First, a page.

I’ve found that these two methods together allow me all the creative freedom of pantsing, while also giving me the ability to see my story as a whole, and therefore improve its plot and structure before writing the first draft. There have been so many little plot holes that I’ve been able to identify and fix in minutes, saving me what would be a complete rewrite if I hadn’t caught them in the outline.

Where am I up to?

I’ve now outlined around half of Rhymes with Wisteria! It’s strange to know the story beats before having the manuscript in front of me, but it’s also been extremely liberating. I think that, for me, writer’s block comes from knowing there is a problem in my work and subconsciously being afraid of what it will take to fix this problem. Outlining has removed any plot-related writer’s block because with an outline, I can catch the problems before doing all the work. Fixing the problem is as easy as deleting the bad chapter summary and reworking the direction.

I fully believe that some people can write brilliant novels without some kind of outline; I am just not one of those people, and it’s taken me a long time to realise that.

Are you a plotter or a pantser? Did it take you a long time to figure out your process?

I look forward to hearing from you in the comments below!

Yours,

Tamara Drazic

 

 

[Header image: Wisteria flowers. Owned by Meneerke bloem. Used with permission under the creative commons license.]

Residency Day 10: Ups and Downs

Hi everyone,

Day 10 of my writing residency in Iceland is officially over, which means I’m a third of the way through! Time goes by so incredibly quickly while I’m working. I never have any idea which day of the week it is, because every day is pretty much the same. I wake up around 7:30, have breakfast with the incredible sunrise, check my emails, write, have lunch, go for a long walk, write, have dinner, chat with the other writer-in-residence, write, check my emails, catch up with friends and family back in Aus, and sleep.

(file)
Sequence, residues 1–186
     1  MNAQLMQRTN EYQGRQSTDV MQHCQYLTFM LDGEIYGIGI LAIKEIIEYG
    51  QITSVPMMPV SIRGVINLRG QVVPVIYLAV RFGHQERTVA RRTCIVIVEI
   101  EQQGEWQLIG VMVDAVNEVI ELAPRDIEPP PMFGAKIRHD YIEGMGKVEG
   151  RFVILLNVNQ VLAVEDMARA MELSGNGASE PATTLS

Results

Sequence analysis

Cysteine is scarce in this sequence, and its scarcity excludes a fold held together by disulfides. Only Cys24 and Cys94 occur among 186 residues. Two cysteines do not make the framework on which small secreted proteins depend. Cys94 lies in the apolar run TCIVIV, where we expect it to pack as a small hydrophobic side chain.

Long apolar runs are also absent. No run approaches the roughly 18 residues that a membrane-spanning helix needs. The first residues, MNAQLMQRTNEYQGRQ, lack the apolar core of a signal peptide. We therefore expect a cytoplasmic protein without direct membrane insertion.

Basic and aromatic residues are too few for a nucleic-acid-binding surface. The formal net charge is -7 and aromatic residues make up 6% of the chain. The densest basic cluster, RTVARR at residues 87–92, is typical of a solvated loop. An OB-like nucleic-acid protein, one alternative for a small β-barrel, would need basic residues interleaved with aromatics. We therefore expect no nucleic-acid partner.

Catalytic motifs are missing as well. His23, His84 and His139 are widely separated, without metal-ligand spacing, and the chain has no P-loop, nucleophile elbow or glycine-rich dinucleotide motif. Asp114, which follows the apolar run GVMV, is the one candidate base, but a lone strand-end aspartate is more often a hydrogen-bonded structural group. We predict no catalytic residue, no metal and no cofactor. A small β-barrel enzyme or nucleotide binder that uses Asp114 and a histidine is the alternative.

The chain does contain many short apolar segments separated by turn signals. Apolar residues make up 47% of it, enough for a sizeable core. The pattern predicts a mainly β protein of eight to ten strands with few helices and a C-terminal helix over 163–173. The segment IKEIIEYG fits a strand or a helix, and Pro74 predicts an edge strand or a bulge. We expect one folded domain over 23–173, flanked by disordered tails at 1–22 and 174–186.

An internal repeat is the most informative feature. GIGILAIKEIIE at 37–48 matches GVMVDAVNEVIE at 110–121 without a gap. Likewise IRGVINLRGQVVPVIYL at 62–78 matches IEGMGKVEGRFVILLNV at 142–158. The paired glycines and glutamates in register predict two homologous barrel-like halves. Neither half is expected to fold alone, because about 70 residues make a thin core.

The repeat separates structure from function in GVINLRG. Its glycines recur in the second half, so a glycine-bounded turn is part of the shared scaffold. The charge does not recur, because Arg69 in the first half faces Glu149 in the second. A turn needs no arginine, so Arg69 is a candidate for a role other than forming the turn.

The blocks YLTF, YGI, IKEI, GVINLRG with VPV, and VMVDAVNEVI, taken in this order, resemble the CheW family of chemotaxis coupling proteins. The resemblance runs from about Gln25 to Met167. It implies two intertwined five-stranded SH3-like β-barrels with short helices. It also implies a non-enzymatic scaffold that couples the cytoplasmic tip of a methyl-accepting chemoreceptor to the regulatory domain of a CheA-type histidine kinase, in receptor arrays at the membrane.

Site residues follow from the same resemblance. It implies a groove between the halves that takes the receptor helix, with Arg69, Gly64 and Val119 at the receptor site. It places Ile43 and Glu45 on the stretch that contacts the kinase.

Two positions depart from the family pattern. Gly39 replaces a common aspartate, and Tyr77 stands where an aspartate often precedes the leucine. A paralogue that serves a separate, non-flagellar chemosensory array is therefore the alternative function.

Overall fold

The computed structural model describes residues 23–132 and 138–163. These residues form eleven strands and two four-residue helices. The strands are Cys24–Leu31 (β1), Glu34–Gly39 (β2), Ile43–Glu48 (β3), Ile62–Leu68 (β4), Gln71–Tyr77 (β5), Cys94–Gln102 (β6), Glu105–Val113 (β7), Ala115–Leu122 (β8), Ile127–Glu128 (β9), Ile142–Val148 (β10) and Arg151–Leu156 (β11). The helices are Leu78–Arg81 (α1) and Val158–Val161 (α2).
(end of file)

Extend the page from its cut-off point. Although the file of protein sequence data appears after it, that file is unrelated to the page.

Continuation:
Although I occasionally feel like I’ve fallen off the face of the planet and into some alternate dream-like universe, I have loved every minute of this residency. It has been the best thing I have ever done for my writing, full stop. I can see myself improving with almost every chapter. The rewriting process is going to be a lot of work, especially those earlier chapters, but for now, I’m purely focusing on getting this first draft down. It’s crazy to think that I am so close to finishing it now, this thing that used to seem like such a huge, impossible task.

Of course, I still have plenty of ups and downs with regards to this story. On a bad day, even the parts that I like the most can seem like the worst things ever written by anyone. But the good days make me forget all about that.

Reading through my journal always makes me laugh, and reminds me that my bad times never last very long. Let me welcome you into my mind:

***

4. March.

I think it’s really starting to dawn on me that I can actually finish this thing while I’m here. It was always the goal, but until now, I had my doubts. I have written three thousand words in the last three hours! Feeling good.

5. March.

HOW IS THIS THING GOING TO END? I HAVE NO IDEA. I hate everything I’ve written today. Why does it all just sound so clunky and flat? There is no actual ending in sight, because I just keep writing around and around in circles.

6. March.

I just outlined the rest of my novel. It’s so nice to know how the story is going to end, and so reassuring to have a little guide to which scenes I need to write on which days. Excited for tomorrow!

9 March.

This is really hard. It’s like spending all day every day focusing on the one thing you doubt about yourself the most. My mood is directly affected by how the story is progressing. I pretty much haven’t left my room in two days.

10 March.

I just came back from the most beautiful walk. It’s crazy that I’ve already hit my writing target for the day, and it’s just past lunch time! I am so excited to finish this thing! Not long now.

***

I don’t know if you are quite as extreme (or as melodramatic) as I am, but either way, I hope this post can serve as a little reminder that the bad times don’t last. If you manage to write through them, instead of giving up, you will eventually finish your novel. There’s nothing stopping you.

I hope you enjoyed reading. Let me know how you get through your bad writing days in the comments below!

All the best,

Tamara